It’s Canberra’s very own school of rock, but not just for wannabe rock stars. If you’ve got a song in your heart and want to share it with the world, the Open School of Music at the Australian National University (ANU) is giving you the chance to be heard.
Through the program, aspiring musicians will write and produce an original song in just five weeks, amid a host of innovative short music courses starting in 2021.
The first course starts on 13 February and is ideal for budding singer/songwriters who have written original songs but have limited recording experience.
Over five consecutive Saturdays, participants will expand their knowledge of songwriting, while learning the basics of studio recording, rehearsing and mixing. The course is free and only available to people over the age of 18.
“It’s a unique opportunity for wannabe singers and songwriters. We are unearthing undiscovered adult artists in Canberra and enhancing their talents,” said Open School of Music convenor Jenny Binovec.
Then, on 20 February, the Community Rock School short course will run on Saturday afternoons through to 13 March for piano, guitar, bass, drums and vocals. Further courses will also be held during the year.
Ms Binovec said the rock school will help musicians join a band by teaching them the basic concepts of playing in a rock band.
This course costs $85 per person but is free for pensioners and healthcare cardholders.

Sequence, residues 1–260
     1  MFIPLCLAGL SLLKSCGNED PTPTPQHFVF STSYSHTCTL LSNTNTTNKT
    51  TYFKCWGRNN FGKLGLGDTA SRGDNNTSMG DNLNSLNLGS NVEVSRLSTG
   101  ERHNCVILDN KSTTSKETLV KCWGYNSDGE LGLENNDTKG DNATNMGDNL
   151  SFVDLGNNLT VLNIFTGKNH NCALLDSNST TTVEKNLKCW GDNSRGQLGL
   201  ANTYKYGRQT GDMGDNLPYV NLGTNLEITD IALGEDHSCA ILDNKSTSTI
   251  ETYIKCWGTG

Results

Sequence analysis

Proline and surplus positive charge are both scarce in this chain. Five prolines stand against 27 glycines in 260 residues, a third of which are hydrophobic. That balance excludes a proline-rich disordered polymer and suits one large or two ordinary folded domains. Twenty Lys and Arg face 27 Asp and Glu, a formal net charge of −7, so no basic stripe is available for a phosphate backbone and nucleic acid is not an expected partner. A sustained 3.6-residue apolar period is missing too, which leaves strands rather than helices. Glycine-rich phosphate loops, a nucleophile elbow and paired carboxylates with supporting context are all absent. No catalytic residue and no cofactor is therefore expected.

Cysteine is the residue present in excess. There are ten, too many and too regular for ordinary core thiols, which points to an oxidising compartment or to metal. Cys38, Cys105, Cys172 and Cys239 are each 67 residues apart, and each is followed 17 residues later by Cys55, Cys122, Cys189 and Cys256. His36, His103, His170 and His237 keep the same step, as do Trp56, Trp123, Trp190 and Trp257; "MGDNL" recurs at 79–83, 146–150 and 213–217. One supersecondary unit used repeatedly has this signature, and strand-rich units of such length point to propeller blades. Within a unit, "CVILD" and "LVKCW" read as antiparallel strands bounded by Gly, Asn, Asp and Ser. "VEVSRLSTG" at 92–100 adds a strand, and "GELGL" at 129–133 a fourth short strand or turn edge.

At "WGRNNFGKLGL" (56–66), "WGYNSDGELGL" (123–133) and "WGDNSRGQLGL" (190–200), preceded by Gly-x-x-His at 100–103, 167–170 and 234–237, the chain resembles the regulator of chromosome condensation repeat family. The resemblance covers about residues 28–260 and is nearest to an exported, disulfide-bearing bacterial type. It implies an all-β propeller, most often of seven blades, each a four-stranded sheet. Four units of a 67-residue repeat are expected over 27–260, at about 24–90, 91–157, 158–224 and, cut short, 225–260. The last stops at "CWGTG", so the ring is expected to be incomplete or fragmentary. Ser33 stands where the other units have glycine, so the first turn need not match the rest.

A concert will also be held on 13 March in the ANU’s big band room.
Former Open School of Music student Shannon Parnell attended the songwriting-to-studio course last year when she had a song she wanted to bring to life.
An aspiring composer, songwriter and musical director, and a co-founder of Canberra youth theatre company Ribix Productions, Shannon has also collaborated with author and playwright Rachel Pengilly on a musical called Foxes: The Musical.
“It was fantastic having such an experienced team of mentors,” Shannon said. “It was especially great to record and mix my song in the School of Music’s recording studio.”
She said there was a big difference between how her song sounded in her head and when it was recorded.
“It was a bit weird at first, hearing yourself recorded on professional equipment. It was kind of surreal and didn’t sound like I thought I sounded.
“You practice at home and sing it to yourself, but to hear yourself through the speakers coming out nice and clear was amazing.
“It made me recognise that I could do this more and put out good quality music,” Shannon said.
Jenny Binovec said it was important to provide an outlet for people to create music either for posterity or for having something to further their prospects.
“It is during difficult times like this that music can offer so much to all involved, and the connection and expression that is created through music can take on greater significance,” Jenny said.
“It is particularly important to continue creating music, to bring what is special and beautiful into the lives of those involved and others in the community.”
The ACT Government funds the Open School of Music through a Community Outreach Program grant from artsACT, aiming to develop a unique program for adults.
“By combining the expertise and resources at the ANU School of Music with the ACT Government’s grant funding, we can offer development opportunities for all ages in classical, jazz and contemporary genres,” Jenny said.
The school also offers a mentorship program run in conjunction with Gugan Gulwan Aboriginal Youth Centre for young artists to learn about songwriting, recording and performance.